The GoPro Hero4s have a viewscreen on the back, which is very handy for framing a shot. You can also use a mobile app, but my experience with the GoPro Capture mobile app was horrible! The app insisted on dragging me through a registration process which required me to be connected to the Internet which I wasn't while I was connected to the wireless network the cameras were on. So, I was switching back and forth between my mobile data connection and the wireless network for the cameras. After registering, I had to verify my e-mail address, which required a few more minutes of waiting. I never was able to convince GoPro's mobile app to let me use it and I gave up on being able to control the cameras via a mobile app.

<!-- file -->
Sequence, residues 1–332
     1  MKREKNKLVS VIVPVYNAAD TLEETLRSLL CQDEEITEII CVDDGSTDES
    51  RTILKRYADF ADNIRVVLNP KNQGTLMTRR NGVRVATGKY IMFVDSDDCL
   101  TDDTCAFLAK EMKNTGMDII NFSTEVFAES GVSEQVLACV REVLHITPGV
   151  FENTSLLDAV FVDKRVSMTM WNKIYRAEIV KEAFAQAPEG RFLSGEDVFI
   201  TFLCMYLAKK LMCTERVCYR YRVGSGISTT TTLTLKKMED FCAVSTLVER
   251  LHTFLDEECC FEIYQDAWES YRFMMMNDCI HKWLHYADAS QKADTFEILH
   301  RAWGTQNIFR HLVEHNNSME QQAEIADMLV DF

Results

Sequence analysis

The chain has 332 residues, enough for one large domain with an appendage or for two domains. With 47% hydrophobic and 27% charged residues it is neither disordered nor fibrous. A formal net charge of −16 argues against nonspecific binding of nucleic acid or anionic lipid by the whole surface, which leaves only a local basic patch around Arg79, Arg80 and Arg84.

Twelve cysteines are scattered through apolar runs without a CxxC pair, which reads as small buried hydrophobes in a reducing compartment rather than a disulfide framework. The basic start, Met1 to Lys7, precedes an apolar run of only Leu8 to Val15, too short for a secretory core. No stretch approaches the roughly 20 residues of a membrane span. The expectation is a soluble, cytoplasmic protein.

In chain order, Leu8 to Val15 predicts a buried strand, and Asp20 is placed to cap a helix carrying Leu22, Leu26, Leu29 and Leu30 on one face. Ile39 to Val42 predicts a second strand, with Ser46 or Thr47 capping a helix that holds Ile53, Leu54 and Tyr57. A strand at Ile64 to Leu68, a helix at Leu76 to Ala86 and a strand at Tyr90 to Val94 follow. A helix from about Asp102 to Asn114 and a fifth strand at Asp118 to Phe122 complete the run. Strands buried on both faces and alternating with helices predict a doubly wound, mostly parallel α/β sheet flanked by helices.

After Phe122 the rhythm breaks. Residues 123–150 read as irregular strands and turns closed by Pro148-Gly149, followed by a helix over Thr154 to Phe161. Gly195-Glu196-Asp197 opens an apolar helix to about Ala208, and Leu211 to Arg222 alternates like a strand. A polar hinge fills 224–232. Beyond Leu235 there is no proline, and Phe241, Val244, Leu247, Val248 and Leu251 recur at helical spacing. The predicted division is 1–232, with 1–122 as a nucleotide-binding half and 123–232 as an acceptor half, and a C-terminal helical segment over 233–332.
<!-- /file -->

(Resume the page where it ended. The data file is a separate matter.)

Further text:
Ultimately, the live viewscreen on the back of the Hero4 cameras saved me because I was able to easily frame the shots and verify the video was being recorded.

The Hero3, however, does not have a live viewscreen and so I had to guesstimate the shot and hope for the best. The resulting video was a little askew, but not so much I couldn't correct for it in post production.

Rented GoPros likely to come with waterproof housing

I purchased mini USB cables and brought USB power supplies with the intention of providing continuous power to the GoPro cameras so I would not need to worry about dealing with battery issues, but I ran into quite a large problem. All three GoPros, the two I rented and one I borrowed, came with waterproof housings. It makes sense considering what most people do with GoPro cameras to include a waterproof housing, but the housings provide no access to the ports on the side like the mini USB port I was hoping to use to provide continuous power.